“What I want is for my community to help me live up to my own ethical standards,” he said, adding that Gentile and others were doing just that.
According to Gentile on Tuesday, she has collected and mailed 60 letters from local depositors to U.S. Bank’s CEO stating their concerns with the bank’s lending activities as the basis for closing (or considering the closure of) their accounts. Additional letters have been sent independently, she said. While the total number of local accounts held by the Yellow Springs branch was not available, U.S. Bank currently has a majority of local market share, according to information accessed through the FDIC website.
Calls to District Manager Kelly and the corporate headquarters of U.S. Bank seeking comment about the effect of such customer actions were not returned on Monday.
However, one local impact may be an increase in deposits at the Yellow Springs Federal Credit Union. According to CEO Sandy Hollenberg, the credit union has seen a surge in interest in its services as well as new deposits in recent days from villagers stating their concerns with U.S. Bank’s lending activities. The credit union operates differently from big banks in that it loans out locally most of the money it takes in, Hollenberg explained.
“Our goal is to have 80 percent of our money invested in the community by way of making loans,” she said.
The local action takes its inspiration from a national “divestment” movement that’s been gathering steam in recent weeks. Protestors are targeting banks involved in financing the Dakota Access Pipeline, hoping to pressure them to stop lending to companies whose activities protesters oppose. More than a dozen large banks have been identified as having lending ties to the DAPL.
When Gentile learned recently that U.S. Bank, the nation’s fifth-largest bank, was among them, she resolved to organize locally in response. Her resolve has been bolstered by the success of divestment efforts now underway in Seattle.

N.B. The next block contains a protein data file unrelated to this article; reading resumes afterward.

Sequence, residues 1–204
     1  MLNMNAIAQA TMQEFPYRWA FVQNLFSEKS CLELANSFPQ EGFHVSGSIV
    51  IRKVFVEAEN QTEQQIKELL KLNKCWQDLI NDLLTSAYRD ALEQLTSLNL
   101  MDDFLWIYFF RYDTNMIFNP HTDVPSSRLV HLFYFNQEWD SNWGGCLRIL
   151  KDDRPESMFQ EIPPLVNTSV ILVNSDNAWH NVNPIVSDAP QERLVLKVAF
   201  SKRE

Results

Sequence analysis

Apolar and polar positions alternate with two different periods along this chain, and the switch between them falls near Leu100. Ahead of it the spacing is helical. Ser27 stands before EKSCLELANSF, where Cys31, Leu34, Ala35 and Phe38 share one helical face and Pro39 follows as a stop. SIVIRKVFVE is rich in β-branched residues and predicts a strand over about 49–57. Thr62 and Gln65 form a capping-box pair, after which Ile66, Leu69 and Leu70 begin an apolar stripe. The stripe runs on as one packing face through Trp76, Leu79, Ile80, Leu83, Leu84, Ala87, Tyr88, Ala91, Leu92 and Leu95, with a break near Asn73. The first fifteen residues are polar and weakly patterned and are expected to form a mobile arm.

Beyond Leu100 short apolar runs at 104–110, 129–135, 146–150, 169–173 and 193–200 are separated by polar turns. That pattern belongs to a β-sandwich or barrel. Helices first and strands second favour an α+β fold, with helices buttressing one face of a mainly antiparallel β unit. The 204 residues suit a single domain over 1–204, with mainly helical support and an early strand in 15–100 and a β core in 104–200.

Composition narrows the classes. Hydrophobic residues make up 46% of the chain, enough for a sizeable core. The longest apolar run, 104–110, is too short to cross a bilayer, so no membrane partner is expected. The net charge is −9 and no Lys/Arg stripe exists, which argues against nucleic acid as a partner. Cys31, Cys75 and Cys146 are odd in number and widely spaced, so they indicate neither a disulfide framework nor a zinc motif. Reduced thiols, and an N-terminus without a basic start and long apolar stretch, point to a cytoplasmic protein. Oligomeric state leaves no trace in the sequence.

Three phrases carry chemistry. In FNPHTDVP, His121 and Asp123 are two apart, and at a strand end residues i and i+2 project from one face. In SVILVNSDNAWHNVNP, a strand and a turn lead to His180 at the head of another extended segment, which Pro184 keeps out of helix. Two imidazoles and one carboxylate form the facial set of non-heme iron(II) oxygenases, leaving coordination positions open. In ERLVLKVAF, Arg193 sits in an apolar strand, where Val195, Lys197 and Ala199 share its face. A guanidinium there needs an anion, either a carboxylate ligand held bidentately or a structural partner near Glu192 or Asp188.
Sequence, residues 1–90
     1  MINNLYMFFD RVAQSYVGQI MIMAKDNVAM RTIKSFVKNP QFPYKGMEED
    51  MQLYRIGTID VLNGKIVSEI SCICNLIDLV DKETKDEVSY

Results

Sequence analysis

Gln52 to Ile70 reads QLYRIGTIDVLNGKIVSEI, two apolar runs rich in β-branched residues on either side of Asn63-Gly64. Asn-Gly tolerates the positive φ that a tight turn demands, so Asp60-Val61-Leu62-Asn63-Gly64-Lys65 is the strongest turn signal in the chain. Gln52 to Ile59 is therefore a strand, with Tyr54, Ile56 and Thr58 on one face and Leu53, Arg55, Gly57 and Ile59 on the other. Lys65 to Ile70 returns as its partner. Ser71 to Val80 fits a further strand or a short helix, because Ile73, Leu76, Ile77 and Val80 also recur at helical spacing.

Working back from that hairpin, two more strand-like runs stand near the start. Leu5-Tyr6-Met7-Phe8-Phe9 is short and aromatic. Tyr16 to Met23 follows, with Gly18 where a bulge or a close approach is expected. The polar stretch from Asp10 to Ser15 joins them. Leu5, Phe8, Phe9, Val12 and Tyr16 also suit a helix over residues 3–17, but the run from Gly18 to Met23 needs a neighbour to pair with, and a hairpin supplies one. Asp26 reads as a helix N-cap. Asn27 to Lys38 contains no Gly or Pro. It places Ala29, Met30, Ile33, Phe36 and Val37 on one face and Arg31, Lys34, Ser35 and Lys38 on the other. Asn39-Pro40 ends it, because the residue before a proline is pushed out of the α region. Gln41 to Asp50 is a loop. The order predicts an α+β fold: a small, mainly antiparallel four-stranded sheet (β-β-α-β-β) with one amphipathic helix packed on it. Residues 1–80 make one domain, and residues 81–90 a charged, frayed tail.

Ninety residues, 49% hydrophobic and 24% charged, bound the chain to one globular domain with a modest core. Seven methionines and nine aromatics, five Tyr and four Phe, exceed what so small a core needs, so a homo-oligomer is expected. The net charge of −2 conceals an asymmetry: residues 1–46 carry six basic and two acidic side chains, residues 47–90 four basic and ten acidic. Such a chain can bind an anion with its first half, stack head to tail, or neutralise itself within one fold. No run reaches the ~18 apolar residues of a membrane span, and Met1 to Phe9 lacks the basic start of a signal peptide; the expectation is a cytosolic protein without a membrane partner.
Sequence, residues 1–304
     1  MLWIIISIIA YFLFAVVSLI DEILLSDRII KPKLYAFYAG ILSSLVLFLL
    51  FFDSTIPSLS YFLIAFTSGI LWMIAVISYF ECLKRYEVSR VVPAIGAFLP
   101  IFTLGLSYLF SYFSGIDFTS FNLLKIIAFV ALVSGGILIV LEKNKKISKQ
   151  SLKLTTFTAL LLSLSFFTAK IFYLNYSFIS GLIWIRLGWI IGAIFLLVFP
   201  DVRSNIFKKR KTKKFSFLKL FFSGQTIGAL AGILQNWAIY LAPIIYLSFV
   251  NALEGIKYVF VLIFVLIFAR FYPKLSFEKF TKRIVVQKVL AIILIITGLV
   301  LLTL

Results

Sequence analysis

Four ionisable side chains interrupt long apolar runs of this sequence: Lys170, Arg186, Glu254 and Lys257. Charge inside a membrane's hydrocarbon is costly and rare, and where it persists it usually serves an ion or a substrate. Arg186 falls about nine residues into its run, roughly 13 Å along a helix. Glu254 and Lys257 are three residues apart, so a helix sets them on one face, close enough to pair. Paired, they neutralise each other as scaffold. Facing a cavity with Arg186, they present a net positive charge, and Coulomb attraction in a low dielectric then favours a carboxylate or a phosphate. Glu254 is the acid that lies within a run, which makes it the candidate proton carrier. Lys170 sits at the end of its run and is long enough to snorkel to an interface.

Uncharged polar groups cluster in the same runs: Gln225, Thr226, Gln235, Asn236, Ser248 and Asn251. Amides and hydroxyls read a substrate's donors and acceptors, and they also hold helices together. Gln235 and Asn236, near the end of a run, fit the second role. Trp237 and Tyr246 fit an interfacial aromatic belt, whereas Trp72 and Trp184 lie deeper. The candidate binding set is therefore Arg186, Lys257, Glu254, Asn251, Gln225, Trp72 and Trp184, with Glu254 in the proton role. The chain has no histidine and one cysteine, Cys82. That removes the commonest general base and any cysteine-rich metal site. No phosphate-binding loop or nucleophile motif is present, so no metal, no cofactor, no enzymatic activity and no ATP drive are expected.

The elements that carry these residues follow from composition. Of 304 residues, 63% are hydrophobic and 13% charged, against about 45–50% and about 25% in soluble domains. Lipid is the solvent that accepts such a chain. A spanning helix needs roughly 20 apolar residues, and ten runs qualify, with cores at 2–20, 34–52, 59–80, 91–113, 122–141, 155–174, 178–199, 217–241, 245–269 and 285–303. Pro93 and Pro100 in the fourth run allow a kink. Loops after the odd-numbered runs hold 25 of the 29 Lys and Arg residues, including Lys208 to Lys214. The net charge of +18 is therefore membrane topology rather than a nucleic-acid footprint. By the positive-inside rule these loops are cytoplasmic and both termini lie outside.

“I was pretty inspired by Seattle,” she said.
That city is moving toward closing its accounts with Wells Fargo because of the bank’s role as a DAPL lender and other factors. The city of Seattle currently cycles about $3 billion through Wells Fargo, according to a Feb. 6, 2017, article in the Seattle Times.
There’s also been recent protest action taken against U.S. Bank. At the U.S. Bank Stadium in Minneapolis, protesters dropped a banner from the rafters urging U.S. Bank to divest from the DAPL during an NFL game on Jan. 1.
But Gentile emphasized that the local movement isn’t “against anyone.” Rather it’s about “our hearts awakening to the possibility that we can all be protectors — protecting our brothers and sisters and the Earth,” she said.
Gentile and fellow organizers will be demonstrating at other U.S. Bank branches in the area this week. A Feb. 15 meeting with District Manager Kelly is also planned.
“It’s pretty positive that he’s willing to meet with us,” Bedard said.
And, with Seattle as a model, organizers are urging the Village of Yellow Springs to reconsider its current relationship with U.S. Bank. During the citizen comment section of Monday’s Village Council meeting, Gentile described her concerns over U.S. Bank’s funding of “prisons and pipelines” and encouraged Council to “put money in what we believe,” such as renewable energy.
“I think this is critical,” Council member Marianne MacQueen responded.
Gentile believes the small actions of Saturday and this week could spur wider change.
“I hope it’s the beginning of a divestment movement in this area,” she said.